Hey baseball fans!
The 2020 season is officially over and the Dodgers are world champions! This is their first championship since 1988, a championship I'd like to discuss this, because of how interesting a team it was.
The 1988 Dodgers didn't have a star-studded lineup. Only three hitters in their lineup had double-digit home runs that year and only one hitter had more than 20. One might call it a coincidence, however, that the hitter with 20+ homers for the '88 Dodgers was the National League MVP, Kirk Gibson. It was his first of three years in LA after spending the first nine years of his professional baseball career with the Tigers, where he won a ring in 1984. Now on the West Coast, Gibson basically carried the Dodgers to first place in the NL West, at least on the batting side of things. In 1988, Kirk Gibson hit 25 homers, batted .290, stole 31 bases and had an OPS of .860. It wasn't even Gibson's best year, but I can't emphasize enough how depleted this Dodgers lineup was, especially compared to the franchise's great lineups of the late 1970s and early 1980s.
As for the pitching? Well, it was electric. Orel Hershiser was the ace, at one point going 59 straight innings without allowing a single run. That record-setting stretch helped his seasonal ERA reach a miniscule 2.26 and was probably the main reason for his '88 NL Cy Young Award. Tim Leary and Tim Belcher each posted ERAs below three, while veterans Fernando Valenzuela and Don Sutton (a Hall of Famer) performed excellently, too. The squad also had a great bullpen, which included All Star Jay Howell and the all-time leader in appearances, Jesse Orosco. All in all, the 1988 Dodgers had an ERA of 2.96, a miraculous mark by today's standards, but a mark that was actually higher than the champions of the NL East, the New York Mets. In a hard-fought National League Championship Series, the underdog Dodgers actually outlasted the Mets in seven games, pitting them against the Oakland A's for a chance at their first title in seven years.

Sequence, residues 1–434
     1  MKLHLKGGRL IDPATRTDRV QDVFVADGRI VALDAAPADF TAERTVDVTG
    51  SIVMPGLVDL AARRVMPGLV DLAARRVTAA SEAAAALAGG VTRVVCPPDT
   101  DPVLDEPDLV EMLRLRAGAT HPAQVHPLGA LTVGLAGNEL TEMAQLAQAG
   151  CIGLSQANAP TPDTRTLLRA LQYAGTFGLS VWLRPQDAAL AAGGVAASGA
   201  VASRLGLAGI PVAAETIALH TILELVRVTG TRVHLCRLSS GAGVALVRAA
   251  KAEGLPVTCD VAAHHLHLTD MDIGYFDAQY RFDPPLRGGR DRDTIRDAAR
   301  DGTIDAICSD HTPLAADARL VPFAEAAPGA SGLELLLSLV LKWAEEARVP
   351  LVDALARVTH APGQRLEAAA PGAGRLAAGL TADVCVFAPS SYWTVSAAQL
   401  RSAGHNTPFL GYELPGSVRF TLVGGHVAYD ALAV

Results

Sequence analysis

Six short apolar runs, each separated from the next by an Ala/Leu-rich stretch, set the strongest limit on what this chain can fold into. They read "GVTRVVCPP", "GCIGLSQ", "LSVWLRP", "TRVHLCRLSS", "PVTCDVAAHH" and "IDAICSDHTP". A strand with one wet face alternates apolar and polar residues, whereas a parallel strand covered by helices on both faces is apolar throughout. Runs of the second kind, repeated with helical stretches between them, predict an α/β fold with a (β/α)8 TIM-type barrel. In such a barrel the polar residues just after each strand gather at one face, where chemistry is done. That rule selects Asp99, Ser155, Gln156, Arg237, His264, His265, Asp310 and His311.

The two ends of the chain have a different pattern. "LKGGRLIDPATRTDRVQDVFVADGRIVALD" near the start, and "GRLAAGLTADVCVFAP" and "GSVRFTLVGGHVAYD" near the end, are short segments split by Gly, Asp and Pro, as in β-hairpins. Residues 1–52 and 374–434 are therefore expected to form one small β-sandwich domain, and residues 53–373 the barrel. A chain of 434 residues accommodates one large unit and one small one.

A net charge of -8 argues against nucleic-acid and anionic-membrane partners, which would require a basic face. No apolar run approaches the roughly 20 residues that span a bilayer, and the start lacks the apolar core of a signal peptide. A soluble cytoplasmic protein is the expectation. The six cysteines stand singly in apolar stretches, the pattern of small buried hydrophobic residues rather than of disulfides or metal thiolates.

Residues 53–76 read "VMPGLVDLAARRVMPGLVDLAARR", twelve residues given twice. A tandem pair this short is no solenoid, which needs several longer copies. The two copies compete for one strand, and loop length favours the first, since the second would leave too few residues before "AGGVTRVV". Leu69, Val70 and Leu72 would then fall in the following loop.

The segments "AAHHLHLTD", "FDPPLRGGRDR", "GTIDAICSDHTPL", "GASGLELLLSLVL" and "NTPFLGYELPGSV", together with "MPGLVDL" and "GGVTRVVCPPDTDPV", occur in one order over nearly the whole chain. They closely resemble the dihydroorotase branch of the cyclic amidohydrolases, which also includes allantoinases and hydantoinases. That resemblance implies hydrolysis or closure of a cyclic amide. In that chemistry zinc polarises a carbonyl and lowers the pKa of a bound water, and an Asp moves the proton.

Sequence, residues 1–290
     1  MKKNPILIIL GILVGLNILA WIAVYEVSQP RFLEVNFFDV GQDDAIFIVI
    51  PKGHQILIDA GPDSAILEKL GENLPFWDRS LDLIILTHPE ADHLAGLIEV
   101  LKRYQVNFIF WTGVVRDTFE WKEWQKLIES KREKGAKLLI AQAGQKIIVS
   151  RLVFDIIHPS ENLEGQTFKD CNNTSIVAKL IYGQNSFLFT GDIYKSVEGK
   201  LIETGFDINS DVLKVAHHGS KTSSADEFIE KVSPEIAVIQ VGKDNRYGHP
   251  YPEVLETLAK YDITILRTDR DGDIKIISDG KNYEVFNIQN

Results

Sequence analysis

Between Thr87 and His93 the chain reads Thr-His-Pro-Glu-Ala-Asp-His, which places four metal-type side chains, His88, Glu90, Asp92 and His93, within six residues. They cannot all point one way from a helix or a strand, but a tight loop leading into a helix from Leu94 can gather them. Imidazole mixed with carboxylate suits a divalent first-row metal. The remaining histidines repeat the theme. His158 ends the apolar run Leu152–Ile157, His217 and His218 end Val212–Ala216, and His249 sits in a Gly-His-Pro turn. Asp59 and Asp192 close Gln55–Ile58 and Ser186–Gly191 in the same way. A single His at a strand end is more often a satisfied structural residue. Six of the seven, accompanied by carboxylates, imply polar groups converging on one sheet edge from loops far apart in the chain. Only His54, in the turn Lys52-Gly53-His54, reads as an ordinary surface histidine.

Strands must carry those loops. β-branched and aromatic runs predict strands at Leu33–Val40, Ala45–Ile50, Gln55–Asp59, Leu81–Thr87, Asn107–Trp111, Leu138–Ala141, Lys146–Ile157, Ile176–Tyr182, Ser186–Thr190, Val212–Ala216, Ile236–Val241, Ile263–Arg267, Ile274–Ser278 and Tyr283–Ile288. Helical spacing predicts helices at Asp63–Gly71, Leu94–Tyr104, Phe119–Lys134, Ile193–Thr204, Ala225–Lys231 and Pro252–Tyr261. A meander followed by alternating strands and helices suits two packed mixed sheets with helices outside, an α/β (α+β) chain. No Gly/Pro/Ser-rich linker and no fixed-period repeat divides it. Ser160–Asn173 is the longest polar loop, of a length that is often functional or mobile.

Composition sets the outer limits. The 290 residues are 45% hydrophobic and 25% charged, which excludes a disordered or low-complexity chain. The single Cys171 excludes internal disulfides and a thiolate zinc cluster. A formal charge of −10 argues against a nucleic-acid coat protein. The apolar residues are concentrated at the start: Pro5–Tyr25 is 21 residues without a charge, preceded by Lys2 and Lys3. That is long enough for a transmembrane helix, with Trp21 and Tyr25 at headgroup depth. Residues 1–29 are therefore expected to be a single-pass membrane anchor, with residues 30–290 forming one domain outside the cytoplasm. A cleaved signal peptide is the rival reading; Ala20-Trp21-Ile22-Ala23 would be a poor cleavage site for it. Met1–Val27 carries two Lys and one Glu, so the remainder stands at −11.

It was no secret that the A's were favored in this World Series, which makes the Dodgers' winning it in five games one of the biggest series upsets in history. But the big play that everyone talks about is in Game One, when MVP Kirk Gibson, who injured himself badly multiple times in the NLCS, got the chance to win the game for LA with the Dodgers down by one in the bottom of the ninth with a runner on first and facing future Hall of Fame closer, Dennis Eckersley. Gibson, barely able to move, was used as a pinch-hitter in this situation. After working the count to 3-2, he waited for Eck's backdoor slider and crushed it over the right field wall in Dodger Stadium for an improbable home run. The dinger is one of the greatest moments in baseball history, and a moment from which the A's never recovered. It was Gibson's only at-bat of the World Series.
Thanks for reading this post and I hope you enjoyed it. Check back soon for more of "all the buzz on what wuzz."